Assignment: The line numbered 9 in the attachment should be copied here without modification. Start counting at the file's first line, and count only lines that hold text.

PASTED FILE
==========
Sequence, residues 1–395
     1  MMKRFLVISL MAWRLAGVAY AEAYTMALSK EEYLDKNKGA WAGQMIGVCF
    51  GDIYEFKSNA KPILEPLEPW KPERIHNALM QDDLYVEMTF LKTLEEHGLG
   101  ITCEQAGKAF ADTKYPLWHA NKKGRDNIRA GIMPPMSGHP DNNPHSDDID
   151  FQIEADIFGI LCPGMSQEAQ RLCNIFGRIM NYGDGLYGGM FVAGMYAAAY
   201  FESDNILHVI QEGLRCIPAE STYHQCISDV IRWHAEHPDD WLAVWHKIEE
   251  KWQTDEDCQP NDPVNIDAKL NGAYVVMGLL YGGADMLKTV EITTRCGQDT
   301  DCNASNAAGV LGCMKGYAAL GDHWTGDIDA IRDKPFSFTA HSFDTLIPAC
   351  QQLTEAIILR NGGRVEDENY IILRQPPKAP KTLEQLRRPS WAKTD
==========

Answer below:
   351  QQLTEAIILR NGGRVEDENY IILRQPPKAP KTLEQLRRPS WAKTD